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Sarah Everard's murderer Wayne Couzens acted like a serial killer. He may have done this before

My latest column in The Scotsman (published 11 October 2021) is out!

With the exception of a few political despots, it is hard to recall a single act by one man that has done as much damage as that of Wayne Couzens.

The brutal murder of Sarah Everard by a serving police officer not only ended the life of an innocent young woman, but dealt a devastating blow to the police’s reputation.

Some, with axes to grind, have already taken the opportunity to smear the entire service as institutionally misogynist, top to bottom. It’s an odd proposition when you consider that nearly half of all police staff are women.

But the damage is real. Trust is that most fragile of commodities, difficult to establish, shattered in an instant. The police, especially in London, face a long road back.

More immediately, there are pressing questions for the Met. How did Couzens slip through the vetting system, why were concerns about his behaviour not pursued, and what other serious crimes has he committed?

To answer the first, we must look at his background. Typically, police officers join in their 20s. For the first years of probation, the young officer is closely supervised. Recruits who do not meet standards of work or behaviour can be dismissed as “unlikely to become a good and efficient officer”.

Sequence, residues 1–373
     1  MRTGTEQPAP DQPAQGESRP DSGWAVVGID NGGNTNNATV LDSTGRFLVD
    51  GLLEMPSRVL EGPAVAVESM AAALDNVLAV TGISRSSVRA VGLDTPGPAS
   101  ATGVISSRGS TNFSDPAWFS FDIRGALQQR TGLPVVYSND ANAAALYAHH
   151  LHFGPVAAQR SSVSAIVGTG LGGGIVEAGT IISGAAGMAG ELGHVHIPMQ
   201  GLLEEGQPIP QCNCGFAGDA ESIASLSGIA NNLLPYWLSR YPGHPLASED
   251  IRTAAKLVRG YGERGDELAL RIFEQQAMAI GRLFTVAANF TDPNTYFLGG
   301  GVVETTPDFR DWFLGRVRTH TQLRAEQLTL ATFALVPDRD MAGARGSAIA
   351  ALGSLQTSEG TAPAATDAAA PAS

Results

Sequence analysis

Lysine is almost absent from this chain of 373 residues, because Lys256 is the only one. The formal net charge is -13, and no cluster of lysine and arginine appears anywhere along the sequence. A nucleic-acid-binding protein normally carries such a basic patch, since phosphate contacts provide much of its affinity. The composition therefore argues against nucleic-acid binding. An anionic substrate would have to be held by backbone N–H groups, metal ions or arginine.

Couzens’ career was different. He did not join the Met until 2018 when he was already in his 40s, having served briefly in two other forces – never a good sign. Why was he taken on so readily, his good character accepted? One clue may be that he came as a trained firearms officer, a precious commodity.

With the increased terror threat, the need for officers willing and able to carry firearms has grown prodigiously. Not everyone wants to undertake these roles, especially the long, boring static shifts at embassies and parliament – little better than sentry duty. That may be the reason why the Met accepted him with open arms.

As for the various allegations of indecent behaviour prior to the murder, we will learn more as the investigation proceeds. It may simply be a case of small pieces of information not being connected.

The last question is important. What other victims are out there?

The abduction and murder of Sarah Everard was no spontaneous crime. What we saw on the grainy video footage was a cold, calculated abduction, a predator on the hunt, organised and equipped to carry out his plan. The hire car and transportation of his victim to a place where he could rape and murder. The destruction of evidence, the detachment, the normal, everyday behaviour afterwards, all the hallmarks of an organised killer.

What I saw was exactly the same predatory behaviour as that of Angus Sinclair, the World’s End killer who stalked and murdered young women across Scotland in the 1970s.

Couzens’ behaviour was that of a serial killer and such men are seldom caught the first time. Since his arrest, a team of detectives will have been painstakingly piecing together the jigsaw of his life, tracking his movements over 30 years.

In time, we may learn more about the life and crimes of Wayne Couzens. It will take longer to heal the wounds he has inflicted on the reputation of the police service.

To read more of my columns in the Scotsman, simply go to

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